Practice, easier said than done!
What do we focus on? For how long? And how can make it sustainable? Are only a few of the questions that soon pop-up after we decide to set up our own practice.
Let’s say you are taking classes and you also took our workshop last week, so now you have a few things to practice on, but there is no indication of where to start.
There are so many different things you can start with, but which one should you explore first?
In this post, we are going to use the recording of our last workshop to see how you can start setting up your own practice.
So let’s get started!
A practice routine that works
We will use our latest workshop recording as an example to set up our practice routine. However, you can take materials from any of the classes you have attended.
- Step #1: Put it on your calendar. If it is not on your calendar, it doesn’t exist. To get started you need to make time in your day for your practice or it is never going to happen. Aim for 10-15 mins if this is your first time practicing on your own or if you haven’t practiced on your own for a long time. This is not about quantity but quality. This time frame is more than enough for someone we is now starting.
- Step #2: Start with a dance. You might have noticed that all of our workshops start with a dance. I think it really helps to get our mind and body ready to practice. It allows us to get into the mindset of practice in an enjoyable way and at the same time we are giving ourselves the opportunity to notice where we are that day. Notice any trouble, any holdbacks, any glitches as we gently move with the music.
If you feel that you need more than one dance, of course you can add that to your routine.
- Step #3: Set your element of focus. It might be something you have been working on for some time, or something you discovered through your dance (step #2). Try to be as specific as possible. For example, let’s say you are starting out with: “I need to work on my posture”.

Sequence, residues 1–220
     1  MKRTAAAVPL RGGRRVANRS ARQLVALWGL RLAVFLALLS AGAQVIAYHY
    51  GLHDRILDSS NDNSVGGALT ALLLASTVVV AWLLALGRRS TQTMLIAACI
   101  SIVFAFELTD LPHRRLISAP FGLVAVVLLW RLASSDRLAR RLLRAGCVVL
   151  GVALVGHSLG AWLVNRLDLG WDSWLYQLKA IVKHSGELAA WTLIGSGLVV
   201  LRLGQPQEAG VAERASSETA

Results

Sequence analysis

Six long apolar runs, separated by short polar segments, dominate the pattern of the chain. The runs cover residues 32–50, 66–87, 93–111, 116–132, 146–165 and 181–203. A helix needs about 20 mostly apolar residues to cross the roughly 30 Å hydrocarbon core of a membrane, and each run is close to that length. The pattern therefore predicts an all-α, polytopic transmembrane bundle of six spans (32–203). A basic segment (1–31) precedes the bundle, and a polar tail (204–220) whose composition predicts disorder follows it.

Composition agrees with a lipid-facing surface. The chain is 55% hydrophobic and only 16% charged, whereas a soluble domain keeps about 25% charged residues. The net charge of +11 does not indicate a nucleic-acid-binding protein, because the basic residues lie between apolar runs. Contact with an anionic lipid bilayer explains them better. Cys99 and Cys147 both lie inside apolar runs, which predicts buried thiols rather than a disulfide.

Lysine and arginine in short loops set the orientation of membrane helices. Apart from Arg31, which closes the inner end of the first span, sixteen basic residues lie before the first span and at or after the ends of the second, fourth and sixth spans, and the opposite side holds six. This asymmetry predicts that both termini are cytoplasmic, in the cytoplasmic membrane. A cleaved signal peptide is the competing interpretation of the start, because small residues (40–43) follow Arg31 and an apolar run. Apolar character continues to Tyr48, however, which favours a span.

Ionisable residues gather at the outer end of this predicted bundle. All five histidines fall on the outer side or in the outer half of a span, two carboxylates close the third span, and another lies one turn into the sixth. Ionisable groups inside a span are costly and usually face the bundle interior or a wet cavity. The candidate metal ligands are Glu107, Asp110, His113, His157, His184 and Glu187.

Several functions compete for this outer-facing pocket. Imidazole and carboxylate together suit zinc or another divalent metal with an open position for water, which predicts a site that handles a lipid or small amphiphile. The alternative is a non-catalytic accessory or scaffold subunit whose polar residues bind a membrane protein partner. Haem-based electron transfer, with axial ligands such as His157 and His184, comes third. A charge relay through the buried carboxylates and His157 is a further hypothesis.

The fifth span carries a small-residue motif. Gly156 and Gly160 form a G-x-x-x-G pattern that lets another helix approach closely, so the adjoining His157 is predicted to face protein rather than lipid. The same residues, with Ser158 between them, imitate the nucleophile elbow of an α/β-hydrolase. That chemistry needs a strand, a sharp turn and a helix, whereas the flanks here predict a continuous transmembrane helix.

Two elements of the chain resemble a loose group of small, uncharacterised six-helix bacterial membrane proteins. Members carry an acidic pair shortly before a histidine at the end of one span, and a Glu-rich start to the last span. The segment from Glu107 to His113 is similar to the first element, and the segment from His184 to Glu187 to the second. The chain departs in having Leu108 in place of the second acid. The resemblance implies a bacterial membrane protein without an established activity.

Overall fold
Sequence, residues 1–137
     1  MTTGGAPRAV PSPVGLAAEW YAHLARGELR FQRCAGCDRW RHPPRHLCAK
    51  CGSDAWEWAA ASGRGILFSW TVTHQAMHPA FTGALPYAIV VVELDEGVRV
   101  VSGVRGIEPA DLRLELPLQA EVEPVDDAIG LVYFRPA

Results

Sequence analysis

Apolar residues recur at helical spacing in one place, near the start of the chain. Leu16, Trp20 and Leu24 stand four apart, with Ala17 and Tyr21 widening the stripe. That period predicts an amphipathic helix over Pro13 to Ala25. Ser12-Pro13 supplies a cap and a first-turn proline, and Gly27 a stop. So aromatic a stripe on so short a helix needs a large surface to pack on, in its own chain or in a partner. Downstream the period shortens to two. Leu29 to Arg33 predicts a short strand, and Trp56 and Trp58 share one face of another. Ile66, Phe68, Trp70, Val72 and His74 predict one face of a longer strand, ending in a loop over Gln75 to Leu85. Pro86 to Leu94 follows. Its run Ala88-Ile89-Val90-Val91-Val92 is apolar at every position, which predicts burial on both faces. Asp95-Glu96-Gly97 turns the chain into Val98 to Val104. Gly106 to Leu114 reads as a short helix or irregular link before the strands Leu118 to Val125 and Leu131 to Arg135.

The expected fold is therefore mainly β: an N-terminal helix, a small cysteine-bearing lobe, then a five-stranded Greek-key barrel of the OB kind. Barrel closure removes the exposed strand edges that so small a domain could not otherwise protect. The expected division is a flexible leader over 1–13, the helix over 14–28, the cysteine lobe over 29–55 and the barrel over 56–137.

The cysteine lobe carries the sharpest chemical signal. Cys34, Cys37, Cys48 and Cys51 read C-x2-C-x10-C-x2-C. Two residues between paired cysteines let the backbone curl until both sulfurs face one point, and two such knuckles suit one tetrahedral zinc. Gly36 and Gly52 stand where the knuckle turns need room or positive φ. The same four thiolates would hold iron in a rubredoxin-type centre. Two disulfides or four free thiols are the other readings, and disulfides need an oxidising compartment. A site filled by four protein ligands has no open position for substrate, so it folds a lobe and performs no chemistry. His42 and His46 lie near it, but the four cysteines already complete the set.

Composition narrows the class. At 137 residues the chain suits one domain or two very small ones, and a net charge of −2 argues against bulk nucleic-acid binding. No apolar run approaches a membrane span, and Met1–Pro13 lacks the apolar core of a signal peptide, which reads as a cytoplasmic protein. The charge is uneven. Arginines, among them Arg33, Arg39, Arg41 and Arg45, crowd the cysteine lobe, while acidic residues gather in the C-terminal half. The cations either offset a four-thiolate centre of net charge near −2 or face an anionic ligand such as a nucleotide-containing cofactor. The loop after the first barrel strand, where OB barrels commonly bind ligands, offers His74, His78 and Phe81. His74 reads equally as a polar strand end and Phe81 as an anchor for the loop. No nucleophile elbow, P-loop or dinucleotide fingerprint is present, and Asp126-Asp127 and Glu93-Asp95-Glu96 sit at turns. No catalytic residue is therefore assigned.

Ok! What about your posture? Is it to do with balance, movement, anatomy, breathing, efficiency? Try to be specific.
- Step #4: Start with what feels as an emergency to you at the moment. Following the example above, all of these elements may sound important and necessary. You will of course capture a few of them in one practice but not all of them. So start with what feels as an emergency to you on that day, knowing that sooner than later you will be exploring the rest.
- Step #5: Start where you are. Continuing with the example of posture, in the beginning of the video we are exploring flexion and extension of the spine in order to find the 0.0 posture. When we are working with the placement of the thorax you will hear me say that “you need to start where you are, not where you should be“.
Start where you are. identify the end of range for flexion and extension. Then shift your focus to the path from one end to the other end. Lastly, notice the middle of that path. Give yourself the opportunity to identify whether your go-to position is helpful or not. And then start exploring other options to find the one that works best for you.
There is no point trying to replace a habit by forcing a new rule on your body. The body needs time to adjust and a rule is easily forgotten if your body is not given that necessary time. Through movement our body will find way to establish that rule, without force but through understanding and ease.
- Step #6: Record and celebrate your practice. Take notes of what worked and what didn’t so you can come back to it the next time.
Mark every practice you complete on your calendar. It can be a check-mark, or a smiley face or anything that works for you. Mark though the day as a day that you practiced. And congratulate yourself for having made it. All of this is for encouragement. For when you miss a practice and feel blue. Such days will come!
Then instead of feeling like you will never be successful in your practice, look at your calendar! You will see all the smiley faces you have there already. Acknowledge the great work and effort you have already put into your practice.
- Last but not least, remember “the more the better” is not quite accurate here, especially in the beginning. Start small and grow! Start maybe with 10-15 mins, that would translate to a dance and an exercise. You will see that soon you will grow your practice in time and content.
P.S: You can find more advise such as this along with a huge list of practice videos in our book “It Takes you to Tango – The Ultimate Guide for Leaders and Followers”